It is no understatement to say that David Hubel and Torsten Wiesel revolutionised vision research. They did this by refining methods for recording activity from single nerve cells (neurons) and applying them to the almost unexplored visual cortex.
The cortex is the large cauliflower-shaped structure that forms the mass of white and grey matter under our skulls. It surrounds the much-maligned brain stem and is regarded as the seat of higher brain functions in man and our mammalian cousins. The visual cortex is located at the rear of the head and is particularly large in frontal-eyed animals such as cats, monkeys and humans.
To all intents and purposes, Hubel and Wiesel founded the field of research referred to today as cortical visual physiology, which forms the core of all studies of the neural basis of visual perception. The length and success of their 25-year collaboration is truly remarkable, and the work they did led to the award of a Nobel Prize for Medicine and Physiology in 1981.
Hubel and Wiesel discovered that the cat and monkey cortex transformed the relatively simple point-by-point brightness information obtained from the eye into a unique code allowing neurons to respond in highly selective ways. The primary finding was that cortical neurons responded optimally when stimulated by lines, shadows and edges at specific orientations. This property, referred to as orientation selectivity, underpins the perception of most features in the visual world, whether they be geometrical structures or complex biological forms such as faces.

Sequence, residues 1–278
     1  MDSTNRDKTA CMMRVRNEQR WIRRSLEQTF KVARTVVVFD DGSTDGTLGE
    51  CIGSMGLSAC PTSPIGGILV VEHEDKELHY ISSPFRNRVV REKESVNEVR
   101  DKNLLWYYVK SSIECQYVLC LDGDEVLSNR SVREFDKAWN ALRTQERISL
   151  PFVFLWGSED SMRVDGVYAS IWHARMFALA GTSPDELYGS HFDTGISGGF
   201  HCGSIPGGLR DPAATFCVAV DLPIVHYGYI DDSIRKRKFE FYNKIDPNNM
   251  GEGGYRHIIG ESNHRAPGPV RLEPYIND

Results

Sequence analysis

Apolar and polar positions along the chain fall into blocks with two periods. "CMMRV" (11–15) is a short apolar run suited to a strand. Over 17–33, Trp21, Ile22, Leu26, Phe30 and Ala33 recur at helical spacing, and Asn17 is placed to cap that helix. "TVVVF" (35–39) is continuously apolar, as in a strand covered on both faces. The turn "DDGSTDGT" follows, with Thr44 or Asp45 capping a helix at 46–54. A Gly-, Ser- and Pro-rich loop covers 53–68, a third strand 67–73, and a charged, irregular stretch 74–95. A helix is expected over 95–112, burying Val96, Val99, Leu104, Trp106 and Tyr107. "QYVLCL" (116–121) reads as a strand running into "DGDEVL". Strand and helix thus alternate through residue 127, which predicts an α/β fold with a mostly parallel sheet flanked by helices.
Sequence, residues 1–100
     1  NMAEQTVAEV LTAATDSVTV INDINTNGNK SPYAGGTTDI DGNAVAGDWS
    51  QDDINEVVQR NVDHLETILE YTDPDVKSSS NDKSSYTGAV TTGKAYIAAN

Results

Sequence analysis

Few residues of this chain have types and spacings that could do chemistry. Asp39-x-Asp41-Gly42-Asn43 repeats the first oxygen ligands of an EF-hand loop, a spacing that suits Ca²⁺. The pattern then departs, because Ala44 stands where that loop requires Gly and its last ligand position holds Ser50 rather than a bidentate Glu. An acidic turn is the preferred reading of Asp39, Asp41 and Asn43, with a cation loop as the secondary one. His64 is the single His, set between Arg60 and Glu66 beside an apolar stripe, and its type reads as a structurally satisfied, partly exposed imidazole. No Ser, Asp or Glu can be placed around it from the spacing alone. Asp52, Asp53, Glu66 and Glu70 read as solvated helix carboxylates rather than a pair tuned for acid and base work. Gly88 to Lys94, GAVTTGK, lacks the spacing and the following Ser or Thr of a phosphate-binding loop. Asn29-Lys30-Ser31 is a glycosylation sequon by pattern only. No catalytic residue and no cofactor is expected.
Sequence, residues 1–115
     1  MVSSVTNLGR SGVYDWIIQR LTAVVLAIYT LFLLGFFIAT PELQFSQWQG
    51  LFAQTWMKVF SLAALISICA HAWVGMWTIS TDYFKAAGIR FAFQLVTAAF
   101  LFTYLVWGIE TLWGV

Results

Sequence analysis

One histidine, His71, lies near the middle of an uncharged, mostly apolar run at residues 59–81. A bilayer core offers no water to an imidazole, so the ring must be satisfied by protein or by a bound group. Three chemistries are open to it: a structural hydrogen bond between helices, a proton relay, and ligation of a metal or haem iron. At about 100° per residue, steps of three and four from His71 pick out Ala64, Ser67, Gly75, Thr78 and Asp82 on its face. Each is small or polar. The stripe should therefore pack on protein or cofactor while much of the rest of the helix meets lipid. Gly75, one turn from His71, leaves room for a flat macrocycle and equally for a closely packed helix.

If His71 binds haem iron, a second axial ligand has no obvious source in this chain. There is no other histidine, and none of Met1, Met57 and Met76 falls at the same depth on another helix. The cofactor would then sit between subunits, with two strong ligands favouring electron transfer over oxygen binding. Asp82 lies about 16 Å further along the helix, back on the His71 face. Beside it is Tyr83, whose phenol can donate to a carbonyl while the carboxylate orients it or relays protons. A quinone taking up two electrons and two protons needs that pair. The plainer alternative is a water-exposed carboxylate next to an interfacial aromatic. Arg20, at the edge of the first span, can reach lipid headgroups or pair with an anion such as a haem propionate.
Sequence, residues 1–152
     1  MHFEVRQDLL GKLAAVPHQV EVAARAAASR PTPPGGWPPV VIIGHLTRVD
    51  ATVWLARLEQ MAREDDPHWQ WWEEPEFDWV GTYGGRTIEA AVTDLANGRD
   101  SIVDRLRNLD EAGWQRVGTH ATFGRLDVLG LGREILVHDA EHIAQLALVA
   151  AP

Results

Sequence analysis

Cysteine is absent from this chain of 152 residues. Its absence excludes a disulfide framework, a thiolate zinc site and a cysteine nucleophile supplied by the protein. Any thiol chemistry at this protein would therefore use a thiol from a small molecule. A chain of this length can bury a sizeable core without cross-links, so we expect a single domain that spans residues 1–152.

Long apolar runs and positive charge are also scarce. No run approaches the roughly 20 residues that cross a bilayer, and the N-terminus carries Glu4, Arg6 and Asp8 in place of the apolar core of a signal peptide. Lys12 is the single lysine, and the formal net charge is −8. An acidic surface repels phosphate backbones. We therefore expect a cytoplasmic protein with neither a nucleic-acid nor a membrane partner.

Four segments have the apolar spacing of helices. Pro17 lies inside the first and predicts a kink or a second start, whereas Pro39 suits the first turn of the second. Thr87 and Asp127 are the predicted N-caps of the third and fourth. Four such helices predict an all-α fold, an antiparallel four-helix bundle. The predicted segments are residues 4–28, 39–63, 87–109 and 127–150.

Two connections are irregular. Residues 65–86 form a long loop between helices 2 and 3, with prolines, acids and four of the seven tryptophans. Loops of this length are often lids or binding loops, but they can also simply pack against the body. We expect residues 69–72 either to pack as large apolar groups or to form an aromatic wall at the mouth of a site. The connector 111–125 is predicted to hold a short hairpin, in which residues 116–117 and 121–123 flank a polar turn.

Through a series of experiments that pushed the boundaries of 1960s technology, Hubel and Wiesel went on to show that orientation selectivity is organised in the cortex such that neurons with similar orientation preferences are grouped together into orientation columns. Not content with these fundamental discoveries, the pair also did work on the neural basis of colour processing, depth perception and the development of the visual cortex.
It would be easy to suggest that those who first enter a field of research are likely to leave their mark on everything within. But this is not automatically the case. Only through intelligent development of ideas based on a steady flow of single-cell data from cats and monkeys was it possible for Hubel and Wiesel to leave such an indelible mark. They worked by going on fishing trips in which they used microelectrodes to record from the visual cortex, all the time relying on their ingenuity and a little luck to work out what visual stimulus each neuron preferred. Only after recording from thousands of neurons over many years were they eventually able to see clear trends.
The more relaxed scientific era and lack of direct competitors for the first decade of their work allowed them to progress carefully and obtain the complete answer before rushing to publication. It is a testimony to their abilities that they were able to cover so many topics, all today regarded as separate fields.
Their book does two things. First, it brings together most of the work that led to the Nobel prize. In itself, this is a wonderful achievement because in one relatively cheap book people can access all their key papers without having to trawl endless electronic search engines, battle with uncooperative printers and photocopiers or read ancient dog-eared copies of their work. For this alone, I recommend that everybody interested in the neural basis of perception have the book on their shelf.